[TUHS] Non-US Unix Activities

Larry McVoy lm at mcvoy.com
Sat Apr 8 08:36:24 AEST 2017


On Fri, Apr 07, 2017 at 03:08:48PM -0700, Steve Johnson wrote:
> One lesson learned that I've never forgotten is how smooth it is to
> evolve a language using the following process:
> 
> 	* Announce that the change is coming and explain why
> 	* Change the compiler to accept both the old and new syntax
> 	* Produce a simple warning message when the old syntax was used, but
> make it still work
> 	* Produce a more complicated, verbose message, but still make it work
> 	* Produce a message that says "After date xxxx, the old stuff won't
> work any more"
> 	* On the date, change the warning to fatal, but keep recognizing the
> old syntax and emit "Error: You used the old xxx, change to the new
> one"
> 	* Eventually, stop recognizing the old syntax and remove the message.
> 
> 	Dennis was a master at this strategy, so things like the otherwise
> painful evolution of changing =+ to += went well.

That's interesting that that sort of thing dates back (at least) to the 
Labs.  

We did a distributed source management system which has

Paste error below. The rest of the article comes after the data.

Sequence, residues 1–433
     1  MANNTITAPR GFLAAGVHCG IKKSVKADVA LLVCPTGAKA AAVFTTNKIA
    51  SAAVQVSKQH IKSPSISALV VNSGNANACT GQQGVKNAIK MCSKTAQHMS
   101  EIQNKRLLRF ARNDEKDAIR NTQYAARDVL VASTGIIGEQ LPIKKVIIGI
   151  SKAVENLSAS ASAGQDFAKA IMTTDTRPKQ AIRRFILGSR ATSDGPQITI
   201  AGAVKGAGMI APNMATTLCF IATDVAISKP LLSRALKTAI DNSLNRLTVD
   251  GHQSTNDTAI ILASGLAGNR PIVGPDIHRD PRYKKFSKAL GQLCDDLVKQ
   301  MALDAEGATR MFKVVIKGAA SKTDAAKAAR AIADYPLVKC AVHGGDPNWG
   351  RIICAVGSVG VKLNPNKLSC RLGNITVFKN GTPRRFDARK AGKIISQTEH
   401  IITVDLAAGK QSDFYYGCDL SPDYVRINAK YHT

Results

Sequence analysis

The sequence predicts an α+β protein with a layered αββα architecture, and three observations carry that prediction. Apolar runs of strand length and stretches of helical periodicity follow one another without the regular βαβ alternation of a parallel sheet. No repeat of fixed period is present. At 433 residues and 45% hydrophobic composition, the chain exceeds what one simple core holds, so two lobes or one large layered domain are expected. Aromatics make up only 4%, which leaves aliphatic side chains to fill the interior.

- a file format (I can think of 3 different major versions)
	- a network protocol (also had major revisions)
	- various per repository features

All that started back in 1998 and we were extremely good about backwards
compatibility.

That said, we eventually had too many things to be compat with and we
took the approach of supporting 

	- our original ascii file format which was SCCS compat plus extensions
	- our original (once stable) network protocol
and
	- our latest and greatest stuff

Every version of the software supports a 

	bk clone --downgrade repo repo.old

which gets you back to the old ascii format, and then there is a

	bk clone --upgrade repo.old repo

which gets you to the latest and greatest.

What did this buy us?  We only had two targets, the original (not moving)
formats and the latest and greatest.  If you had some halfway repo you 
could use the old release to clone it down to the old format and the new
release to clone it forward to the latest and greatest.

It worked really, really well.  

Sort of off topic but thought I'd share, I wish someone had told me this
picture when we started, especially the feature bit idea (which was that
if a repo uses some optional feature you stuck that on disk.  If all 
versions of the software know to read in the feature bits, see if they
know all of them, if not, spit out "This repo uses feature XYZ which is
not understood by this version of BitKeeper".  We called them bits, they
were actually strings, but internally they were bits).


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